On Thu, 24 Jun 1999
Gernot Vonhoegen <email@example.com>
Wrote: RE: Correct Primer For "Red"?
choice of primer basically is a matter of personal choice. There are some
minor points as to that grey primer shows up imperfections much better than
red primer. You will as well find that modern cars use grey primer
throughout. Grey primer shows up better on dark colours as well when you
have a stone chip. If you paint the car properly it doesn't matter what
primer is underneath in terms of the top coat appearing in the right shade.
In case you haven't guessed, I always use grey primer...
> From: Chip19474@aol.com[SMTP:Chip19474@aol.com]
> Reply To: Chip19474@aol.com
> Sent: Thursday, June 24, 1999 2:30 AM
> To: firstname.lastname@example.org
> Subject: Correct Primer For "Red"?
> Good Group,
> What's the best color choice for primer for a paint which is "close to
> Red but just a tad off shade"?
> I finished spraying 2 small areas on the Spit with red primer, wet sanding
> between coats and afterwards. The surface looks good but then I had a
> thought that maybe I should have used another color primer. I think red
> primer is the right choice because grey primer is for lighter colors; red
> "red's" and black for all other dark colors....I'm I correct on that? I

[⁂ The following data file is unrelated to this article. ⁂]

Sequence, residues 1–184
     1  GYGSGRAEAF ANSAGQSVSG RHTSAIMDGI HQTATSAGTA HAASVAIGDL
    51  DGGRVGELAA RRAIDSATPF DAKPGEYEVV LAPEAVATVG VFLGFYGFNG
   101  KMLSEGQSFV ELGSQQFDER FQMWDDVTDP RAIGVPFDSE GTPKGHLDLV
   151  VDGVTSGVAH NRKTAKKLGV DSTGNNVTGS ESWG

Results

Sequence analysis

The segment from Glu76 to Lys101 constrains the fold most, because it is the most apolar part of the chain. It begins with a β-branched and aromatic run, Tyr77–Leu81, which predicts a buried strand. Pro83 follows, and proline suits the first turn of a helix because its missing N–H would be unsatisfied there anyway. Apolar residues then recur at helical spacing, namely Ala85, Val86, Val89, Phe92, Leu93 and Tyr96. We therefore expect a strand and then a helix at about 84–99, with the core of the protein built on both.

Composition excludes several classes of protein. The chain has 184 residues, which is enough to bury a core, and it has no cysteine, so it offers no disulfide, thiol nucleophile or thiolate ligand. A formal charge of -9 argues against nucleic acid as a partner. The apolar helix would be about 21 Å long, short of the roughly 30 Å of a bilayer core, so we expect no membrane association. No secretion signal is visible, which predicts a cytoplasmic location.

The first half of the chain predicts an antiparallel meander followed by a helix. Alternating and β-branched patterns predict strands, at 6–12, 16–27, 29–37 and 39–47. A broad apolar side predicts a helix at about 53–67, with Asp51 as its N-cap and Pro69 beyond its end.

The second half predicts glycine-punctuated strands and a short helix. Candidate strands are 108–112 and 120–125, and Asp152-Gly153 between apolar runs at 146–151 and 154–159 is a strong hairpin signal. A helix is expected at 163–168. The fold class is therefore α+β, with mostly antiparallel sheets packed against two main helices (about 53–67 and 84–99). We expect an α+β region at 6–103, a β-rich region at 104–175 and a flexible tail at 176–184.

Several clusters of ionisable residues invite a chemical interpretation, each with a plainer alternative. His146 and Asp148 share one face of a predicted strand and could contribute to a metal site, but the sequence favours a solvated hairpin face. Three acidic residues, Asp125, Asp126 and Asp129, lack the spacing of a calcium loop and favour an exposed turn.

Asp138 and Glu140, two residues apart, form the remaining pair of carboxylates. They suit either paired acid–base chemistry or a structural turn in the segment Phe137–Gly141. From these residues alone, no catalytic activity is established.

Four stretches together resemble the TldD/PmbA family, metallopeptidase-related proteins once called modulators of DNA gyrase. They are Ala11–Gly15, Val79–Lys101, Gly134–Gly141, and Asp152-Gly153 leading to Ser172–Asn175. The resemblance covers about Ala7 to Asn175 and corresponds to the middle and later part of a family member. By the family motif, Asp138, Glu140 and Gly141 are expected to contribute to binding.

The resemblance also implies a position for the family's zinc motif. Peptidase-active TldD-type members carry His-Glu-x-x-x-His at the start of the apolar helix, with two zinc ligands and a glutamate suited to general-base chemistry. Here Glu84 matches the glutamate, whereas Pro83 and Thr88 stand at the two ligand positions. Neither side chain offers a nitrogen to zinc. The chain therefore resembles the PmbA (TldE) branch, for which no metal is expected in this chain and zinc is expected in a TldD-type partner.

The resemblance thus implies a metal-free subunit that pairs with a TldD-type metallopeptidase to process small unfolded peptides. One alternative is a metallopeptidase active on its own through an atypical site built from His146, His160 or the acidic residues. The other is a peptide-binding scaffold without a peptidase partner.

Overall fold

> always change now....easier than after the paint is on and it doesn't look
> Chip Krout
> '76 TR6 CF57822U (Being Reborn For Y2K)
> '70 Spitfire Mk3 FDU78512L
Here is my twopennethworth:
I have owned and driven Signal Red Triumphs since early 1981.
I have had them resprayed several times.
I have in that time, learnt through, rather expensive experience, 10 things
about painting cars.
1.If you want a good paint job, take you car to a good paint-shop which is
always busy, and you may have to wait for them to fit it in.
Do NOT take it to a restoration specialist.
2.Never, ever tell them that you are not in a hurry for the car, or say you
don't have much money, especially if it is true.
It should, and normally does cost around 2-3 times more than the original
quote, otherwise it is a poor job.
3.Get it painted in two-pack/two-component modern paint.
Old style Cellulose is simply not suitable in todays traffic
4.On Signal Red cars, always use White Undercoat/Primer.
This is because the red pigment is not a solid colour, in fact it is rather
If you use red primer, then you will get an orangy-signal-red.
If you use grey primer, you will get a bluey-signal-red.
whereas if you use white primer, you will get a very-red-signal-red.
I know, I have tried them all.
5.Jaguar & Rolls Royce Signal Reds should be just the same as Triumph Signal
(Whatever the owners of Jaguars and RR motor cars may say to the contrary)
6.The best red, with the most red pigment in it is Mazda Red.
(It cost Mazda an obscene amount of money to achieve!)
7.Preperation is absolutely everything in making the best paintjob.
(That means taking it down to bare metal everywhere, and cutting out all
8.Some high-quality bondo' is permissible if used correctly by an experienced
body man, but just to even out panels which may not be perfectly flat.
9.Primer and Undercoat is porous to rain.
10.Dust and flies are the ultimate enemy of top-coats.
Just my 2c worth.
Leon F Guyot
Signal Red 67 Triumph Herald Cv. (1981-1998)
Signal Red 63 Triumph Vitesse Cv (1984-1999)
'Peugeot Red' 90 Peugeot 405 GLD (1991-1999)